When Need For Speed opens next month you may read that one of the selling points is that all of the stunts are practical and not CG. That–to me– seems strange considering it’s an adaptation of the EA driving game series. One would think that fans of the game would have no problem at all with wildly improbable physics and unlikely crash scenarios that might have been less expensive to render in computers than with real cars and stunt drivers but lets give the makers credit: When it comes to cars and driving they deliver.
Need for Speed may be the most faithful video game film adaptation. By concentrating wholly on delivering on the esoterica of custom speed machines to the exclusion of all other movie elements isn’t it just staying true to the games? Mea culpa, many game consoles have come and gone since the last time I played Need for Speed. Nevertheless, Need for Speed _The Movie_ is basically a series of long race stunts linked together with an entirely generic renegade sports comeback story. Since this movie was made under the aegis of EA studios you can just see the notes being sent back to the movie people: _”more cars, less plot”_.
Aaron Paul (in his first role since playing meth addict Jesse Pinkman on Breaking Bad) is an ace driver who is trying to support his small town garage by restoring legendary obscure cars while winning illegal races. His friends are stereotypes: The wild eyed crazy guy. The fresh-faced naive sacrificial lamb. The black friend who is funny because black friends are funny. And some other guy who they need because he drives a truck or something.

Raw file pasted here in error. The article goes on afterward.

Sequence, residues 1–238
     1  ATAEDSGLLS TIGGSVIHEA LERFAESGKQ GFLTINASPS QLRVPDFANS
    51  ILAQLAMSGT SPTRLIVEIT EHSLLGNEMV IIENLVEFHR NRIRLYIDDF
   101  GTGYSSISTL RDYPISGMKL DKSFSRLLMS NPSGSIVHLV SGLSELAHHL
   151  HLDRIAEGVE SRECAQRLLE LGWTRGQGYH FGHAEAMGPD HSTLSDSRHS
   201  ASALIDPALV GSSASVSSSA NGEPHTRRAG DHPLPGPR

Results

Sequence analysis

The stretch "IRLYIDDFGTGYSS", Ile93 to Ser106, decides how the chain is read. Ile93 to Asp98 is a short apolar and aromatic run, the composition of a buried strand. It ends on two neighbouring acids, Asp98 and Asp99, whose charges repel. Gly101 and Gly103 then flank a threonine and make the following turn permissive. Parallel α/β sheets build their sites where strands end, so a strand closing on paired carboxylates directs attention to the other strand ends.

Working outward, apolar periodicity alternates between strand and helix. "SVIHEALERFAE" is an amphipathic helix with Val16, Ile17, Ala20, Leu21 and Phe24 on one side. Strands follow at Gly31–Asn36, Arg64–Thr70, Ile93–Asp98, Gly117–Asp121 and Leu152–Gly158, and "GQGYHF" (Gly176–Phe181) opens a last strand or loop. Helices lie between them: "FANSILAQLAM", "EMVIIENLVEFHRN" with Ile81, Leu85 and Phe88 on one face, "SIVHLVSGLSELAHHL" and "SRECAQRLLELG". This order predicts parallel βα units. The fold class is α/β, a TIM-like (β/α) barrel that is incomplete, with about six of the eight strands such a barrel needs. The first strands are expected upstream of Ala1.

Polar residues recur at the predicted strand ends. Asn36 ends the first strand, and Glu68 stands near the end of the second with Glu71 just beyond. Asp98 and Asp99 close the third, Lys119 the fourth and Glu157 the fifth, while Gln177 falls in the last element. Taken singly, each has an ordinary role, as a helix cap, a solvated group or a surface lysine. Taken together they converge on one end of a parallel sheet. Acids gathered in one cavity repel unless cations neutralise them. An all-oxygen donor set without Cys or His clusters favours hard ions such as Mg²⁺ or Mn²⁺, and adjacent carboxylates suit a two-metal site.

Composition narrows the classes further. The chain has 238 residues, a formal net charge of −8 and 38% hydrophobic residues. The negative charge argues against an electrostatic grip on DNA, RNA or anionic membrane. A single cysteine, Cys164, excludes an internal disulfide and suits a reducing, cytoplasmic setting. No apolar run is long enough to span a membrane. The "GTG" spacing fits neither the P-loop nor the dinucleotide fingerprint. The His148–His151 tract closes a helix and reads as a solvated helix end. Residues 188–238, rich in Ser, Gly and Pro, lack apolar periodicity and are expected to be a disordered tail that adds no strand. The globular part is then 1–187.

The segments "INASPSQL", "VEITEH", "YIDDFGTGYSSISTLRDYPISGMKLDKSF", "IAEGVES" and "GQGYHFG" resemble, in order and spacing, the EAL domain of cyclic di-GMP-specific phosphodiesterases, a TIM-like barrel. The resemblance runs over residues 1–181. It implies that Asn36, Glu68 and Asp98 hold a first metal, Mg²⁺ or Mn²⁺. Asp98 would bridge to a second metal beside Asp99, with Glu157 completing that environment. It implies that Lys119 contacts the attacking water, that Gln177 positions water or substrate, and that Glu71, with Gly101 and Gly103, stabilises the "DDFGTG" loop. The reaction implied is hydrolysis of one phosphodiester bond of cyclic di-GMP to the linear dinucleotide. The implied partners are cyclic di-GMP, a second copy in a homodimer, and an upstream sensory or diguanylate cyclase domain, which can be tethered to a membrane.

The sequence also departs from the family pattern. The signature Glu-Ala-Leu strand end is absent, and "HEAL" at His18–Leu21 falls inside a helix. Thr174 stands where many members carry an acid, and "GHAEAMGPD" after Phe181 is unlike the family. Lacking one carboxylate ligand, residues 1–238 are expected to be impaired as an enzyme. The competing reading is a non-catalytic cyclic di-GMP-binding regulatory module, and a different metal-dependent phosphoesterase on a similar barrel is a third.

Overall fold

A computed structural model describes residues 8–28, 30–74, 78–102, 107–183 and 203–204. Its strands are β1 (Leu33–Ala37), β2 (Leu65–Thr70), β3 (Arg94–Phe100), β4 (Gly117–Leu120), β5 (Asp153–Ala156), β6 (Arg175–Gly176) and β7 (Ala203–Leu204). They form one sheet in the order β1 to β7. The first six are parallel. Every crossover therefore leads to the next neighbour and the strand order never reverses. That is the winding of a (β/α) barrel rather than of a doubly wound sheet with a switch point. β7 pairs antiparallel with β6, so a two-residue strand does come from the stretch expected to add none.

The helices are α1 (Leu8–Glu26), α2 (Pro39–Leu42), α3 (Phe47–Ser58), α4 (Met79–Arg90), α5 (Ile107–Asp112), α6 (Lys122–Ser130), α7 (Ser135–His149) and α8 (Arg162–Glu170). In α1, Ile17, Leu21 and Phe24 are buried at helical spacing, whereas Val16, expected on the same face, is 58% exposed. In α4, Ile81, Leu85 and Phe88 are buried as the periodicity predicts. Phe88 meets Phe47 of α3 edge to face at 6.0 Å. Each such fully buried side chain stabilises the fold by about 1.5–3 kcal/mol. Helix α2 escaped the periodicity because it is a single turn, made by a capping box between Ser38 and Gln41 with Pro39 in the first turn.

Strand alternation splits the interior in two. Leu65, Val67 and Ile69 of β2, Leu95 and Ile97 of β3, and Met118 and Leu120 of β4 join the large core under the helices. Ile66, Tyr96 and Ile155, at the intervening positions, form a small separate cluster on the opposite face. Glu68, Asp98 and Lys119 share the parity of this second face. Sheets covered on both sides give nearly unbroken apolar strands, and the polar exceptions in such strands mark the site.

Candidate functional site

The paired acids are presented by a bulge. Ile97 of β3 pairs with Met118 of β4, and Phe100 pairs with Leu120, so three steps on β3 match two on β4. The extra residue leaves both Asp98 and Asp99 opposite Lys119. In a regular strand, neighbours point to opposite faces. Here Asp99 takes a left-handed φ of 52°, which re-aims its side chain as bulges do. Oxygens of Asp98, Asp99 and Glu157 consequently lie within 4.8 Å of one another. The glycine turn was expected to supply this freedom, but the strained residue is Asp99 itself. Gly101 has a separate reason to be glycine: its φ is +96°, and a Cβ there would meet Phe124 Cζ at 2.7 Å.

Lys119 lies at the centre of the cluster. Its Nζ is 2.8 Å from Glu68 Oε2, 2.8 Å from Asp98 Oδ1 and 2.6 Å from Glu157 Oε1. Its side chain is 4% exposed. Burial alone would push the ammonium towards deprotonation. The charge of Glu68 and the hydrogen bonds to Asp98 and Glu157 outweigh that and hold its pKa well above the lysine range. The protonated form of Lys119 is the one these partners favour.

In a long winded first act, our hero, let’s call him _Driver_, is reacquainted with an old rival, gets his young friend killed in an illegal race (well, there are no legal races in this movie) and now we are set up for the rest of the movie. See, he has to come back for REVENGE and REDEMPTION. You now know the rest of the plot. There will be a final race. There will be a love interest and the only question is how many cars, planes and helicopters will be hurtling across the screen by the time it is over. The answer is quite a few.
Fans of cars or at least video game versions of cars will be more than satisfied by the variety of Bugattis, Lambos, Mustangs and obscure ultra expensive street-illegal machines churn up the highways in the several chase sequences in the film. Those viewers needing *speed* will get it and although my view wasn’t especially optimal for the screening one thing I thought was really nice was the audio. Whining transmissions, torqueing motors and skittering tires make up a very satisfying collage of sound. The dialogue? Not so much.